Description

App developers set up android deep links to navigate users in the app’s specific part or feature in order to create sophisticated campaigns while providing a better user experience. Deep links can be triggered from any website (web browser) or other applications, thus potentially increasing the app attack surface and causing unauthorized execution of app components.

In smartphone Camera, microphone and location are considered as dangerous permissions and always being targeted by hackers to spy on users, so recently I have researched Samsung’s stock/pre-installed Camera app and It was found that the implementation of deep links as well as deep link handler activity were not protected by permission, so any arbitrary android application/website could have used those deep links to record the voice, the capture the image, record the video, get GPS location from photo meta and turn on/off flash, etc without dangerous/any permission, user interaction and even device is in locked state which could have affected billions of users.

These vulnerabilities can be categorised into two types of attack scenarios: attacking by arbitrary android apps and attacking by websites (web browser). For example, 1) invoke voice recording deep links with the help of intent from the arbitrary app. 2) creating ads on a webpage to auto invoke video recording deep links. Finally, a pre-installed camera stores captured and recorded data on external storage so it can be easily retrieved with read external storage permission.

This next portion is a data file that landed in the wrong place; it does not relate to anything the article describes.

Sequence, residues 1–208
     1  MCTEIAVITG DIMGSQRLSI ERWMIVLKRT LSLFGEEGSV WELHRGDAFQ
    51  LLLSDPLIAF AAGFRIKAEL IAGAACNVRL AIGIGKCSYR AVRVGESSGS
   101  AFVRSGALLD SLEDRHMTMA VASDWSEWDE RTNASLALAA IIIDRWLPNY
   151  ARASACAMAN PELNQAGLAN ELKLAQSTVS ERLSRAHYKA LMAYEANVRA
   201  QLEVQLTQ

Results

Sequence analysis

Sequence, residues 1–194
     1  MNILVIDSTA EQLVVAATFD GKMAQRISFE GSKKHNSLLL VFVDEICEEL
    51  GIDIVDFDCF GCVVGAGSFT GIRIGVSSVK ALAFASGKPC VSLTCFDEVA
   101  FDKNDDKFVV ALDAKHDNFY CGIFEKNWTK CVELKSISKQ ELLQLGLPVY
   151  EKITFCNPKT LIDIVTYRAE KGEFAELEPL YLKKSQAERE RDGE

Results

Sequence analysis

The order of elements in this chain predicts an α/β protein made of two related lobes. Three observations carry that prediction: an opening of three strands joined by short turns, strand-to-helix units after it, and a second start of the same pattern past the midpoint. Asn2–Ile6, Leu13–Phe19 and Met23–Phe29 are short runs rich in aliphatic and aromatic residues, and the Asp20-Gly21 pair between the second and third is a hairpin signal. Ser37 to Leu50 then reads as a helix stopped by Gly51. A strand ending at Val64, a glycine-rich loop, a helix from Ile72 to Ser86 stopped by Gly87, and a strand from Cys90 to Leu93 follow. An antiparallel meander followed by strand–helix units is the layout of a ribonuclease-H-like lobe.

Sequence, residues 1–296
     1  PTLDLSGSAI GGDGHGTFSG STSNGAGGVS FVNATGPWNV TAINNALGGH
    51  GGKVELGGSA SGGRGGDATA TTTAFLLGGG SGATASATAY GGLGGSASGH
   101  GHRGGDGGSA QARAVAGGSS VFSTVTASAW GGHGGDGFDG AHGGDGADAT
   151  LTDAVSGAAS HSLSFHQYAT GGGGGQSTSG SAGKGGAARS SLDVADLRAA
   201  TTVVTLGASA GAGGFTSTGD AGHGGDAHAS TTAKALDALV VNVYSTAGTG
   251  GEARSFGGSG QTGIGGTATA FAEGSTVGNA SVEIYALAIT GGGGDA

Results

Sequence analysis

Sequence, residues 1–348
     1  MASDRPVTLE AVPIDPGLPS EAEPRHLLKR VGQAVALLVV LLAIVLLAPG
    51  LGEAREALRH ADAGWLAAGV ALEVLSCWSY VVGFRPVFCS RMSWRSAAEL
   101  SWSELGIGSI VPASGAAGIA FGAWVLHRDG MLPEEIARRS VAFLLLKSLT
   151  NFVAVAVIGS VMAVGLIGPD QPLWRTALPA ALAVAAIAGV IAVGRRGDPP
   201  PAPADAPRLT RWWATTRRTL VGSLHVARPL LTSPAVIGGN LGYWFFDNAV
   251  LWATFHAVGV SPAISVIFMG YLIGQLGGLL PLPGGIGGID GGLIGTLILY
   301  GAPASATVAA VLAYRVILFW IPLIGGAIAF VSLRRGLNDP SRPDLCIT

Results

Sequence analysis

Spyware creators are always looking for less user Interaction, minimum code for exploitation and most importantly without dangerous permissions hence using this type of sensitive deep links vulnerability can help spyware to become a trusted app.

Presentation outtakes:

  • Introduction to key terms
  • Finding vulnerabilities
  • Attack Surfaces
  • Live Demos
  • Countermeasures
  • The Responsible Disclosure

About the speaker

Rahul Kankrale is a passionate security professional with experience of hunting for vulnerabilities with companies who provide responsible disclosures. Rahul particularly enjoys working in teams and building tools that speed-up the time cycle of code review. For the past few years he has been focusing on Android security research and had multiple findings published.